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Financing Your Fertility Treatment


a blog by David Kreiner, M.D., F.A.C.O.G., March 23, 2010

I was recently shocked by a complaint from another physician. Apparently, this doctor's patient was offended that I discussed the finances involved with her treatment with her. Her doctor, an Ob/Gyn, agreed with her that it was inappropriate for me to discuss the cost of her options. He told me, “I like you and think East Coast Fertility is an excellent program but I never talk about money directly to patients! It’s not, I don’t know, seemly!” He continued, “Money issues are discussed with the business office, the doctor only discusses the medicine.”

Perhaps it’s unfortunate that fertility doctors have to be so concerned about their patients’ pocket books. But in the case of infertility, only a handful of states having some kind of mandated insurance coverage and, mandates aside, not everybody in the United States even has health insurance! Many fertility patients are in some form or another “cash pay” patients. Most are concerned about financing their treatment. In fact, one of the most popular places patients visit when they go to any fertility clinic’s website is its “finance” page.

For this reason, I’ve developed many programs to create access to fertility care for as many people as possible. But here's the catch! One program does not fit all.

The programs -- grant programs, IVF studies, Micro-IVF, shared risk, and single embryo transfer -- are simply not oversized t-shirts. Each represents a certain course of medical care. And each individual and couple needs the assistance of a caring doctor to help them choose the right program that will fit their own particular medical history.

The most effective treatment and efficient program is always a full stimulation IVF. However, if a patient has insurance coverage for IUI and meds but not IVF, then she may prefer to do IUI. If she doesn’t have coverage for IUI, then it may be more cost effective to do Micro IVF or minimal stimulation IVF. Or the Single Embryo Transfer Program where we reward patients transferring one embryo at a time by making their cryo, embryo storage and unlimited frozen embryo transfers free. A shared risk program in which patients are offered multiple IVF retrievals and frozen embryo transfers for a fixed fee that is refunded if they do not result in a live birth may work best for other patients.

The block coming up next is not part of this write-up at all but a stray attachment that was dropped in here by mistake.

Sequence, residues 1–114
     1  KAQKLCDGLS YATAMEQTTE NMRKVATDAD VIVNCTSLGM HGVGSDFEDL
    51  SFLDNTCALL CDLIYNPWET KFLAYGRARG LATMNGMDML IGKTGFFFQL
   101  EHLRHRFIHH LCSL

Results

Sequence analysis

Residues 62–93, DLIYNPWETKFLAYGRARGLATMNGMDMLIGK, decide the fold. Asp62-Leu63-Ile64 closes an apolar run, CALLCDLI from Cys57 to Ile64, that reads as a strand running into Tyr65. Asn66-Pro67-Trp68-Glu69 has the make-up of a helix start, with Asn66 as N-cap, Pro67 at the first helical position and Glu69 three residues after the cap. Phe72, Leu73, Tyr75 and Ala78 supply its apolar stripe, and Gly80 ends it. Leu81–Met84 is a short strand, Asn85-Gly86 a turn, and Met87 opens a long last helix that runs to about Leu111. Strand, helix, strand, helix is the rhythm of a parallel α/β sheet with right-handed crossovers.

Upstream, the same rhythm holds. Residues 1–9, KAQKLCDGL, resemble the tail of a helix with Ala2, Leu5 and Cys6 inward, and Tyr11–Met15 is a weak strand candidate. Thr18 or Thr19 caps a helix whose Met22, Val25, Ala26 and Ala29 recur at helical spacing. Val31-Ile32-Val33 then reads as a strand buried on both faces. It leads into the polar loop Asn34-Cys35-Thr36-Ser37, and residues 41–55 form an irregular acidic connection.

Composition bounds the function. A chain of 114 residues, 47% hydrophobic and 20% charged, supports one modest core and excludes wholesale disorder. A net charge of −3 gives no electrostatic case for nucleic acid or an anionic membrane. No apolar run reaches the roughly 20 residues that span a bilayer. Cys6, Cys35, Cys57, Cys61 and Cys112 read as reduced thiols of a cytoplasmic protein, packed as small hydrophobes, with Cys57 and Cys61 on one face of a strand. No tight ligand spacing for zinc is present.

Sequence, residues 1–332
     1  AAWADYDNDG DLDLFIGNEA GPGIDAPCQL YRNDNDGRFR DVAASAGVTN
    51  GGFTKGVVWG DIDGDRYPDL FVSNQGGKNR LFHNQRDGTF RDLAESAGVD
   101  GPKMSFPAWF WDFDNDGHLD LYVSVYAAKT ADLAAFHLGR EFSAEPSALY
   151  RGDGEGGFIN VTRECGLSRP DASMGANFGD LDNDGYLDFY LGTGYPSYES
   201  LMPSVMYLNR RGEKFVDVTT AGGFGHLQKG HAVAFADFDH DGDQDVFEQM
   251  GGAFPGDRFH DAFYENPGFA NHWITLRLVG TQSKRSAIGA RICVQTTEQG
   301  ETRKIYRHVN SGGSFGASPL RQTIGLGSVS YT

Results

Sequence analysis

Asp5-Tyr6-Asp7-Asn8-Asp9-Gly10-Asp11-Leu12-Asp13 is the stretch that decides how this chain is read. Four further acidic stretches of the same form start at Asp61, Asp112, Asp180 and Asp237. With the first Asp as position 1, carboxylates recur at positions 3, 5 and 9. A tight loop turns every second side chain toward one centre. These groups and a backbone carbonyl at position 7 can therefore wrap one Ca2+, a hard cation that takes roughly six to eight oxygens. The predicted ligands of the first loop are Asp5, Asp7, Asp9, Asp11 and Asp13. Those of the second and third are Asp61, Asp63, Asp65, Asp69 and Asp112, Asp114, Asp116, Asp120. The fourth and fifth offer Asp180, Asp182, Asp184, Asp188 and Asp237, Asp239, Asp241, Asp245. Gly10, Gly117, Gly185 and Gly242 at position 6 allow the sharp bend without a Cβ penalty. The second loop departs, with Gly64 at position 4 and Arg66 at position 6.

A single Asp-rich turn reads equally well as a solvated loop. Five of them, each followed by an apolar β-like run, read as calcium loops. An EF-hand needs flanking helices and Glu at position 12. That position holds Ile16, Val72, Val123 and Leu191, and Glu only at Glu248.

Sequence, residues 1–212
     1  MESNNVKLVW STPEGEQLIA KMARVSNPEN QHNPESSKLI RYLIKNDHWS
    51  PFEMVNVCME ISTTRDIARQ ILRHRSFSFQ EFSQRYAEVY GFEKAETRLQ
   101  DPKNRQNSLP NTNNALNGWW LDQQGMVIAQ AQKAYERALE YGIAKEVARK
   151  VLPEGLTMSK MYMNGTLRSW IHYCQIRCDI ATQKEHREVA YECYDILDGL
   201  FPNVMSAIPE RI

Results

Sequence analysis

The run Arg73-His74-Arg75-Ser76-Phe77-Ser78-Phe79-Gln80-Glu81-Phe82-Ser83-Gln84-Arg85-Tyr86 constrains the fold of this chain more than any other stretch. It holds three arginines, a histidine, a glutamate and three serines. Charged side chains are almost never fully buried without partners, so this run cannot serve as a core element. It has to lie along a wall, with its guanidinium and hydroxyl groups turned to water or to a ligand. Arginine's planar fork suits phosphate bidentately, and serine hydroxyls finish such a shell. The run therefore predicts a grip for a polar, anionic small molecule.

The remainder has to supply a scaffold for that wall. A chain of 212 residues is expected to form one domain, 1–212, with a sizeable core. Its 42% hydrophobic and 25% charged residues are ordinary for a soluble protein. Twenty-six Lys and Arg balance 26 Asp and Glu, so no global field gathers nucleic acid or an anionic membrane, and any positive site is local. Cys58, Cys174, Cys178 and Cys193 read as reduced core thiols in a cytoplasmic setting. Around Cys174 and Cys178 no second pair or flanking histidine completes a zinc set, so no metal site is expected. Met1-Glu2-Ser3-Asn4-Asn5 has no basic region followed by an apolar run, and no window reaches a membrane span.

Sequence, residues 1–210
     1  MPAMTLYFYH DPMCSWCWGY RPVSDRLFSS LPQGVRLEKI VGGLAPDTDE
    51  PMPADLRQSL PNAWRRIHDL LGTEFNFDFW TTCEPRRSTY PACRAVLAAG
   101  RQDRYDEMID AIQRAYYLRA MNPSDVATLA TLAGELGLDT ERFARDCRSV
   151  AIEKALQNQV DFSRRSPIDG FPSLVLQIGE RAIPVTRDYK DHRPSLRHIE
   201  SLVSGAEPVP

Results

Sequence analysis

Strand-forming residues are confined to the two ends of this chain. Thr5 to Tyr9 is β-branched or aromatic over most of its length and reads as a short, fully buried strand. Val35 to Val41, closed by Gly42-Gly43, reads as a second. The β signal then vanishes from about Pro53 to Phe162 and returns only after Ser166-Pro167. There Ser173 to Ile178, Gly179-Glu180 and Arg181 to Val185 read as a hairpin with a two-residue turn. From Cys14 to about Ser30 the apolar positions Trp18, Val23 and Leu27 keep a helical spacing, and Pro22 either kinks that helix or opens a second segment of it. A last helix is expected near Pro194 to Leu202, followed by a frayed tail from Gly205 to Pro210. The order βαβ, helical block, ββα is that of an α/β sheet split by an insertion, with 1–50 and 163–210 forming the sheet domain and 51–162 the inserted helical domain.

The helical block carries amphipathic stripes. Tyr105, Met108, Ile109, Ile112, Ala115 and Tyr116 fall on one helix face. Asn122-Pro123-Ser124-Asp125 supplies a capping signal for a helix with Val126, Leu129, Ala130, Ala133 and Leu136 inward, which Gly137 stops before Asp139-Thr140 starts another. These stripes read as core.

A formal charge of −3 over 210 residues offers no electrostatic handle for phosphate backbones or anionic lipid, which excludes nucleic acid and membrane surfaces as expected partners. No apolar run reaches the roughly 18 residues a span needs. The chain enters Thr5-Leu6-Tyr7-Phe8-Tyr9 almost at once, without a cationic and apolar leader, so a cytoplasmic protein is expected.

In today’s world of fertility care, a good doctor will help a patient find not only the right treatment but will also help them figure out how to access that care. In order to do that, a doctor may have to do what some may think is unseemly, that is, talk about money.

Comments (2)

As a patient, I directly ask even my general practitioner about how much a test or prescription is going to cost me. When I talked to my regular doctor about trying to have a baby over age 40, he wanted to run the whole series of tests on me- thousands of dollars. (I have a high deductible). We decided instead to start with the $75 sperm test. Turns out that male factor IS a major problem for us and we need IVF. (I eventually had my tests and have no issues). My fertility doctor gave me a prescription for a new, chewable, brand-name birth control pill to start the IVF process. Although I asked about generics, they said the pharmacy would "just give me the generic". When they didn't, I insisted they verify with the doctor that a generic is fine and give me that instead. I saved $50. With the cost of IVF, $50 may not seem like much-but it at least covers a tank of gas to get to all my doctor's appointments. Patients should be REQUIRING their doctors to talk about the costs. .

thanks for this post. i've discussed finances a little with my doctor (but mostly with the business office), and i appreciate his willingness to discuss our options. i live in NY, where fertility coverage is mandated, but my husband's company (a big ad agency) files as a federal company and for that reason does not have to offer IF coverage. i'm in the middle of my first IVF cycle and don't think cornell has a single embryo transfer program, but if they did i would be very interested in it. i will ask. thanks for the helpful information.

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